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Limiting the number of iterations through VBA code


When your simulation model prints the entire iteration dataset to your worksheet as in the previous two examples (FastSlow and LotsaData), you'll want to limit the number of possible iterations to the space available for output. 

Since Excel 2003 and earlier allow a maximum of 65,536 rows per worksheet, I generally set the limit of iterations per column or panel of data output to 50,000 when using older versions of Excel. 

In Excel 2007, the row limit per worksheet was increased to 1,048,576, so when using this version and later I typically use 1,000,000 iterations as the limit per column or panel of data output.  (These limits apply only when outputting the full data to the worksheet; otherwise, as seen is some of the earlier examples, several million iterations executing in a matter of seconds is not uncommon.)  Using the multiple panels of output method illustrated in the LotsaData example can enable higher numbers of total iterations despite the row limitations, but it is still important to make sure the total number of iterations chosen by the user does not exceed the capabilities of the program.

Thus I often include at the beginning of my function a code block that checks the number of requested iterations, and resets it to the maximum allowable if the requested number is higher than that.  The following code block from the LotsaData example illustrates:

In this case, we determined that 4 million iterations was the rounded upper limit of the program, as follows:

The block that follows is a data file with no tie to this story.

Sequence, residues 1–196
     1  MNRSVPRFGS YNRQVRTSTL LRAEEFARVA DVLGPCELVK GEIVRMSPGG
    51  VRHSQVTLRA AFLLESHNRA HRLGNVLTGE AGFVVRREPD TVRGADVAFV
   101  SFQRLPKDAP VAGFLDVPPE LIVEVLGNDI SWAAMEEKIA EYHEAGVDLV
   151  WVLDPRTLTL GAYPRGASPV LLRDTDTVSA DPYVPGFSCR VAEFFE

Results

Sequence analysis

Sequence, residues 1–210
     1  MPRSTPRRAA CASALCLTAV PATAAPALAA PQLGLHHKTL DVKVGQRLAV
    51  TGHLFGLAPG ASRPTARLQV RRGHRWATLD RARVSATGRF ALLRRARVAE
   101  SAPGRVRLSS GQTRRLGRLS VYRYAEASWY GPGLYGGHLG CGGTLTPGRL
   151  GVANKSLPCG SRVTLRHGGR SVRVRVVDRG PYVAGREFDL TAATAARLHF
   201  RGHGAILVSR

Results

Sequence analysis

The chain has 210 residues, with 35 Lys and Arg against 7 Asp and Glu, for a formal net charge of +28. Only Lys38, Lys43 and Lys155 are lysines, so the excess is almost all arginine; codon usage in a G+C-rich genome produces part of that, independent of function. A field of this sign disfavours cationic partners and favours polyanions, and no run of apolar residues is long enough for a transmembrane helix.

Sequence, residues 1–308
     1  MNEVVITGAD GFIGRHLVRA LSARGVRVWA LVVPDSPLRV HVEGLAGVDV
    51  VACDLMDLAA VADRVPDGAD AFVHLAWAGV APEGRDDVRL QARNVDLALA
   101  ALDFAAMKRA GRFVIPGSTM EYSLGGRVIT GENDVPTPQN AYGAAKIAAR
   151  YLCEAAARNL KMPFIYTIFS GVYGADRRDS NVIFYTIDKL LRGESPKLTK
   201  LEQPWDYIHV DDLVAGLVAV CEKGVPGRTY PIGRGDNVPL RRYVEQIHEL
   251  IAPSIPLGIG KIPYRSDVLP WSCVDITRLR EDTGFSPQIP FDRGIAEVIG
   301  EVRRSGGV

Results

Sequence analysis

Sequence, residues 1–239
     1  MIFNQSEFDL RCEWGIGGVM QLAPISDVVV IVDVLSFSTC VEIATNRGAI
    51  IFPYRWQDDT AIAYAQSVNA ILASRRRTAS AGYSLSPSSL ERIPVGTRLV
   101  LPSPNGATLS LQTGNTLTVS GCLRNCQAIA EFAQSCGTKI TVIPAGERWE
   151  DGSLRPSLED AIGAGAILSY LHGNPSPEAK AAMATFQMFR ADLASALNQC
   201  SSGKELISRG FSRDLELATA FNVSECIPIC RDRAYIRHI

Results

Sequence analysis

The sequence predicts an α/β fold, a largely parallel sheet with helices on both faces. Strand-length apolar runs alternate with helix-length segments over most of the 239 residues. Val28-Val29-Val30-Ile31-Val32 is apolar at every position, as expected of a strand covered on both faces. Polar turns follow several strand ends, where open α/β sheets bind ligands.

• We wanted compatibility with older versions of Excel, so 50,000 rows of output per panel was the limit.

  • Each panel would contain three columns: one for the Counter, another for the Random Number, and another to leave a column of white space between data sets.  Since Excel 2003 allows a maximum of 256 columns, we could have a maximum of 256 / 3 = 85 panels of input.

  • 85 panels x 50,000 rows per panel allows us a total of 4,266,666 iterations.  We rounded this down to 4 million for simplicity.

Note that we overwrite the worksheet values in lines 7 - 8, in addition to updating the variables in the VBA code in lines 9 - 10.  We also notify the user via a message box (line 11) that the number of iterations has been reset. 

All of the examples in this tutorial are designed for compatibility with older version of Excel and are therefore limited to 50,000 rows of data output and 256 columns.


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